CITY chiefs say Durham students did a fantastic job of keeping their course mates safe on the first night of a new riverside angels support scheme.
The first 16 from a newly trained, 50-strong volunteer force took to the streets of Durham to help their vulnerable and distressed peers get home safely on Wednesday night (February 25).
Carol Feenan, the city centre manager, said the night had passed very smoothly and praised everyone involved.
Two students were treated in the newly opened drunk tank, officially the safe haven, but neither case was alcohol-related.
Ms Feenan said: The city centre was busy and our crews did a fantastic job guiding a number of lone students home safely.
The angels scheme and drunk tank were among a raft of new safety measures announced following the death of three students in the River Wear within 15 months.
Others include breath tests, a nightbus, safety training and a L50,000 education campaign.
The student volunteers will be on patrol again the next two Wednesdays, the busiest student night of the week, before the pilot is paused for the university Easter vacation and reviewed.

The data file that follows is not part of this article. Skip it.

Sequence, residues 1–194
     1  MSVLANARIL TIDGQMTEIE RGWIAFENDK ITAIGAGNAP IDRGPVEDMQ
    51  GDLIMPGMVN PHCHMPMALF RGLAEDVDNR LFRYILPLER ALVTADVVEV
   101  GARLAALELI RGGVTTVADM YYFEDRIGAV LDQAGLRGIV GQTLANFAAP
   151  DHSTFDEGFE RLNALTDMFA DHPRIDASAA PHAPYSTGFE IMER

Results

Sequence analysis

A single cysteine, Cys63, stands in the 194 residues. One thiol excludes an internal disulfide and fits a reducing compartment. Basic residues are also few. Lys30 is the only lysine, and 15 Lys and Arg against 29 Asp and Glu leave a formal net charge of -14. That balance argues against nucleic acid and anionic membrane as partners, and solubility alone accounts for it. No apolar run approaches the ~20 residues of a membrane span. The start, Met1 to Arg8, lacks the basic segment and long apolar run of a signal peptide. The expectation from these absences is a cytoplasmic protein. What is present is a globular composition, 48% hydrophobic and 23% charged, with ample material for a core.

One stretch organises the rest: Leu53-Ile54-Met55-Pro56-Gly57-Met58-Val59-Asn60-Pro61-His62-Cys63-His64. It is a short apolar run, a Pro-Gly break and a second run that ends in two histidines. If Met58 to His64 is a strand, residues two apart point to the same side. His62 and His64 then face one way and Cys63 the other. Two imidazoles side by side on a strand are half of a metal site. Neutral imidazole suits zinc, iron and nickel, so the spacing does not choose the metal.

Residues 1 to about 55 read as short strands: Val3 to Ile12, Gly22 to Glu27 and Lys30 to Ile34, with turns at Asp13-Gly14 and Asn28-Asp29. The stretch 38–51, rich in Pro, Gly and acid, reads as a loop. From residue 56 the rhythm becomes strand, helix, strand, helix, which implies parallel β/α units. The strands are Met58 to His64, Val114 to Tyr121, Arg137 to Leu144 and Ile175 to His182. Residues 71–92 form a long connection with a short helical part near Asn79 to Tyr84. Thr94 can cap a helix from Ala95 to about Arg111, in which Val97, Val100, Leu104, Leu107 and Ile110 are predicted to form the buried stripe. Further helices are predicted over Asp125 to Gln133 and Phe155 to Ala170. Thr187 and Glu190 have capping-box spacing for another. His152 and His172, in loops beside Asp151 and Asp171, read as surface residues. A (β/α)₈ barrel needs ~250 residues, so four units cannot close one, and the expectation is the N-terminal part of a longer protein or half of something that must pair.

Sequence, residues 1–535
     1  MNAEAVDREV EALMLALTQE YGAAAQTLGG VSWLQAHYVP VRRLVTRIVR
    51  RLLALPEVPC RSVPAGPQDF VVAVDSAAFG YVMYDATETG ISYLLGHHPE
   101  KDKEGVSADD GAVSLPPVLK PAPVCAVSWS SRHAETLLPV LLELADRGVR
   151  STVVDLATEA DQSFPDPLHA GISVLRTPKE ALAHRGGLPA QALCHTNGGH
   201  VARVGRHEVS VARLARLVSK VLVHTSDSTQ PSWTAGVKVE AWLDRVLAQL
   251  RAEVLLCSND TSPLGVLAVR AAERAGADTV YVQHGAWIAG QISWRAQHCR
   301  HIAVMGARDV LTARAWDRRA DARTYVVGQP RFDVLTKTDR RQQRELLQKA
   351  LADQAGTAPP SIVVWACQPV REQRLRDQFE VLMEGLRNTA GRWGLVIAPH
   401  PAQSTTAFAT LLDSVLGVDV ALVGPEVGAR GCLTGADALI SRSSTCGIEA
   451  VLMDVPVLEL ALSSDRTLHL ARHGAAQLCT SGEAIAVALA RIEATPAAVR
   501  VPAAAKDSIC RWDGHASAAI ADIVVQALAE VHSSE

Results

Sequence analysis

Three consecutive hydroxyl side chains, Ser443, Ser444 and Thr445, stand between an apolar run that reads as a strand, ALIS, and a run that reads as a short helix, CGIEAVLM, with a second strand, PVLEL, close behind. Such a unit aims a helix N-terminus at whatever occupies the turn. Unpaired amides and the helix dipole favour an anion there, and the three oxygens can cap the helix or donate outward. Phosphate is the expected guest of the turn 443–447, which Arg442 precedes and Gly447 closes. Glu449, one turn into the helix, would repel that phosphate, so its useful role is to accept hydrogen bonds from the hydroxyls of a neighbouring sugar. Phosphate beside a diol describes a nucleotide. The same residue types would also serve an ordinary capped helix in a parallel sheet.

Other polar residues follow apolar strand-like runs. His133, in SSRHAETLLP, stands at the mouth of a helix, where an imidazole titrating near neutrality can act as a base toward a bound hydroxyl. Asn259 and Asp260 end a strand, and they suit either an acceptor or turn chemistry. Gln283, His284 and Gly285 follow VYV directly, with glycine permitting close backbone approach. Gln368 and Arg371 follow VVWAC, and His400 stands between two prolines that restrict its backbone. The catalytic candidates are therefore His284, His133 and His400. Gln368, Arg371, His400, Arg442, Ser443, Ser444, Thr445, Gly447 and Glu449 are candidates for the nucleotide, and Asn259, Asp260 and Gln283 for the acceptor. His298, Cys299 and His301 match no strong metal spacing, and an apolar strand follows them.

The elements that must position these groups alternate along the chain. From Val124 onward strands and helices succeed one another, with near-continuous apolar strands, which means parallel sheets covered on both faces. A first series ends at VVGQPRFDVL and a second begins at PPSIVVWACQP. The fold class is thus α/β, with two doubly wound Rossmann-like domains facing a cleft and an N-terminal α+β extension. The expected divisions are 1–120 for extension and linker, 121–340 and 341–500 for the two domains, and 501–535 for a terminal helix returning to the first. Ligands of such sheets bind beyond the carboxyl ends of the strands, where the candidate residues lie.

Durham County Council leader Simon Henig said the authorities would do everything we can to ensure Durham remains a safe place to live, visit, work and study.
Cllr Henig also announced a review of river safety would extend beyond Durham City to include other danger spots across the county, including Riverside Park in Chester-le-Street.
But he added: Theres no single solution to prevent further incidents being experienced.
The council also agreed to formally thank commercial diver Trevor Bankhead, who travelled 170 miles from the Western Isles of Scotland to search for the body of student Euan Coulthard in the Wear after he disappeared on Wednesday, January 14.
Mr Bankhead, who has vast experience diving in the Wear, found the 19-year-old within 30 seconds of going into the water.
Story courtesy of Durham Times www.durhamtimes.co.uk